With mortgages getting harder and harder to receive, we have put together a post that breaks down the mistakes everyone makes that slowly but surely wreck your credit history.
A tiny mishap in your credit history can prevent you from opening bank accounts, getting credit cards, getting mortgages or even mobile phones. Here is what not to do:
1. Failing to spot mistakes in your credit history
It is not uncommon for errors to occur in your credit file, which can lead to you being rejected for a loan, mortgage or credit card. The rejection can then have a further negative affect on your credit score.
To check your credit score you can use online credit checking companies such as Experian. If you are thinking about applying for a loan, it is a good idea to check what your lender uses to check credit history and check with them as well.
2. Making too many ‘hard search’ credit applications at once.
Even if you’re just enquiring about a loan, credit card or mortgage- these are marked as strikes against your record. The majority of lenders use a ‘hard’ search when offering you a loan, which lowers your credit score and can make it harder to access cheap borrowing in the future.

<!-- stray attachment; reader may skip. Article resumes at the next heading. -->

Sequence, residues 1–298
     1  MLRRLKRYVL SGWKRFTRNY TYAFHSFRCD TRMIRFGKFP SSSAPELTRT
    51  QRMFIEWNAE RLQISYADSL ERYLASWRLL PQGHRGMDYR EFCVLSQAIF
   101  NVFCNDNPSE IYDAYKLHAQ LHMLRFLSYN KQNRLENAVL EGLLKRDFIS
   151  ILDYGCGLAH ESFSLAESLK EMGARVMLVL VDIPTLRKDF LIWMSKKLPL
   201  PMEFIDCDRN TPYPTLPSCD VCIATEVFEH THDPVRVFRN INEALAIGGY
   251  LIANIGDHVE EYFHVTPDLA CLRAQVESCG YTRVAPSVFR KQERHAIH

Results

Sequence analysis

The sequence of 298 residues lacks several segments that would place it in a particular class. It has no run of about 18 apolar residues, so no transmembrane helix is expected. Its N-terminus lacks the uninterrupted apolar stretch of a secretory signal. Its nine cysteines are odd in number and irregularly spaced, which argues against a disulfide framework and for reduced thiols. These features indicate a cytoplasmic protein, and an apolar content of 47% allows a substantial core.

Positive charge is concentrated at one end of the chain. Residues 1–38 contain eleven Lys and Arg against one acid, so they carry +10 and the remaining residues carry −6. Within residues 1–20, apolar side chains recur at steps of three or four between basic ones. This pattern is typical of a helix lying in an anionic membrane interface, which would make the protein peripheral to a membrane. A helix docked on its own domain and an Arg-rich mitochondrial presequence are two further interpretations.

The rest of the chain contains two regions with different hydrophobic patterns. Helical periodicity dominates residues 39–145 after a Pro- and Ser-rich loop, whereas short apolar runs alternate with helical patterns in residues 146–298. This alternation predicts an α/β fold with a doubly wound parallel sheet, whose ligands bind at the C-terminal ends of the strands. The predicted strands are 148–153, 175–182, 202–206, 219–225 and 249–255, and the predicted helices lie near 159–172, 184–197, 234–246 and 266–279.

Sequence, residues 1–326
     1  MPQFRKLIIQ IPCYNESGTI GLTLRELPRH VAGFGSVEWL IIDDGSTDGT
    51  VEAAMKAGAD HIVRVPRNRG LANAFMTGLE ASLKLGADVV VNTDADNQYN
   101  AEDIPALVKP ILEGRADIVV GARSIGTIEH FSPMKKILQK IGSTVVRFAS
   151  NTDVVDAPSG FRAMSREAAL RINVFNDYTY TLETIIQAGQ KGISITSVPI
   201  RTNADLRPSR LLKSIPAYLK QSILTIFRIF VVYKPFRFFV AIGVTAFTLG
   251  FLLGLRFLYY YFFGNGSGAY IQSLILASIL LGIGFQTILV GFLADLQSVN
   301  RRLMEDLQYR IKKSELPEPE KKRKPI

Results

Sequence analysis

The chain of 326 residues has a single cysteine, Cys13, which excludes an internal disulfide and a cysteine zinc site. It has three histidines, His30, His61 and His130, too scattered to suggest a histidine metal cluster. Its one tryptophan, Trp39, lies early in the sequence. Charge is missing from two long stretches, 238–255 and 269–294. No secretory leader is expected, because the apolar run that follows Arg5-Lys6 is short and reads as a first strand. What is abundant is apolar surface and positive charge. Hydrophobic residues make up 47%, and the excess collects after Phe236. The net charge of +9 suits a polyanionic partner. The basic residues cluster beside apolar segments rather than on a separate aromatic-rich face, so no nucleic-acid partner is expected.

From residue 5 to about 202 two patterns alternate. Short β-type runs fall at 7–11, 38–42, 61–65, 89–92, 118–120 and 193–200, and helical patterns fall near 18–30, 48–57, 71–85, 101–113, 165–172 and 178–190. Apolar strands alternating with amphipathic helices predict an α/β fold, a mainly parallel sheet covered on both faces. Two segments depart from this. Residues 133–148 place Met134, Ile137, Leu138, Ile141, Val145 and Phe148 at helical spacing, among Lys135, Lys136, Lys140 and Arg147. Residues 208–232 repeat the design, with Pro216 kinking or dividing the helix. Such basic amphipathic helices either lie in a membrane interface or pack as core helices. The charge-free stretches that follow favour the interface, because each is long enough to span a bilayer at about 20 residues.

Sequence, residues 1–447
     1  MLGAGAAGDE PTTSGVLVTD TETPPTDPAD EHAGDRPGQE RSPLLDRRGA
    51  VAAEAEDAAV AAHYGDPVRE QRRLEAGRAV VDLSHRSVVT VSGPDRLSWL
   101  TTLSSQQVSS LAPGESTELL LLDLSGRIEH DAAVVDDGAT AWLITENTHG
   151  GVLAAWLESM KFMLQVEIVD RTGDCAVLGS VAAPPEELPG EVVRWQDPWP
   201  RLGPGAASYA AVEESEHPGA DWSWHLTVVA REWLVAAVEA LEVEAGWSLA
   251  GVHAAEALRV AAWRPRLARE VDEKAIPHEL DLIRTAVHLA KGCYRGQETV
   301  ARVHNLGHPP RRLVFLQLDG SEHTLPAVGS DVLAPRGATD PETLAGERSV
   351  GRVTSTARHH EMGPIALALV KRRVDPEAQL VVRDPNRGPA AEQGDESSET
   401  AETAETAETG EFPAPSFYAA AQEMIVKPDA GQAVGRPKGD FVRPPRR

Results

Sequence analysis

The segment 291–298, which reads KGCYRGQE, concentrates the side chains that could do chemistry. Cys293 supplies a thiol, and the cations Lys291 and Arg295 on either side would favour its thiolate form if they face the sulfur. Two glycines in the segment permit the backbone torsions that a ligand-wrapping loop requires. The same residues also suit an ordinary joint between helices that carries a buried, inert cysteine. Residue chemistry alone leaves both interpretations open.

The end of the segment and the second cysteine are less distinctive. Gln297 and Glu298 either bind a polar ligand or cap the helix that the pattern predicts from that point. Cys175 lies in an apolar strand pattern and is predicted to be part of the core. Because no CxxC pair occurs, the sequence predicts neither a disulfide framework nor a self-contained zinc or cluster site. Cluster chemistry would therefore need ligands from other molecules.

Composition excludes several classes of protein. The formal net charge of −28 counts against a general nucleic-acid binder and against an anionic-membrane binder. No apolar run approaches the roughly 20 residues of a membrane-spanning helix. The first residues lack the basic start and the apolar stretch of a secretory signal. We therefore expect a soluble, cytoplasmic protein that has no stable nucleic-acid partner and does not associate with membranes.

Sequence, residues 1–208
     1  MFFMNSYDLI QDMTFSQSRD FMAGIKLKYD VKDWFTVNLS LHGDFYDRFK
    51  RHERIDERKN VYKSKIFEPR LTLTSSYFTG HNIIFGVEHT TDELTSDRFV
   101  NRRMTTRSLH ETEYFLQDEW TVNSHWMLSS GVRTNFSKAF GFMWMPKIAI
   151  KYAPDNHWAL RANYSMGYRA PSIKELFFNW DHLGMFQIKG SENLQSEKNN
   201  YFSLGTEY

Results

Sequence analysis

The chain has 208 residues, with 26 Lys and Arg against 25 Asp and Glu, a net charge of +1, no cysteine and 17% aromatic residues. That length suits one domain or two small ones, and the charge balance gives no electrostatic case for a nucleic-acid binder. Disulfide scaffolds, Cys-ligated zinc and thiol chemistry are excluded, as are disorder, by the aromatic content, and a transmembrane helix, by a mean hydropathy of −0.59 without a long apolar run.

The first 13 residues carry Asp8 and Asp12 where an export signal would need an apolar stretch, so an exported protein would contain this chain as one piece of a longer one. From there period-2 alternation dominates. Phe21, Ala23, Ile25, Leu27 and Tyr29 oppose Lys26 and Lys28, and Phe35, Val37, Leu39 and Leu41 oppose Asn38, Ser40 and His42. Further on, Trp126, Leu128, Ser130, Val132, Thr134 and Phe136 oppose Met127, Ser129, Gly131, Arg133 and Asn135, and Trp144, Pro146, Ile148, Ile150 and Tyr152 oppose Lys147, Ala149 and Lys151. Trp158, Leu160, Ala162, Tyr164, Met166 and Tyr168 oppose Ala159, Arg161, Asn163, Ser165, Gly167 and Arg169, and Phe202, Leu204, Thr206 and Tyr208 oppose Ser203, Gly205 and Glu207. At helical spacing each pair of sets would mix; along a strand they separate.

Too many loan applications in a short period of time could make lenders think you’re desperate for cash and lead to a rejection.
3. Not being included in the electoral roll
By being on the electoral roll you give added assurance to lenders that you are who you say you are and live wear you say you live. This will help support your application and improve your credit score, since identity verification measures help protect lenders and borrowers from possible fraud.
4. Using too much of your available credit
Even if you pay on time and in full, maxing out your credit limit is looked at negatively by lenders and so will lower your credit score. Having a high credit limit and only using a low percentage of it can have a positive impact on your credit score.
5. Forgetting to pay or skipping the odd agreement
One missed payment can last 6 years on your credit file, therefore if you ever amend a direct debit or close a bank account make sure that your credit card, loan and mortgage provider are notified.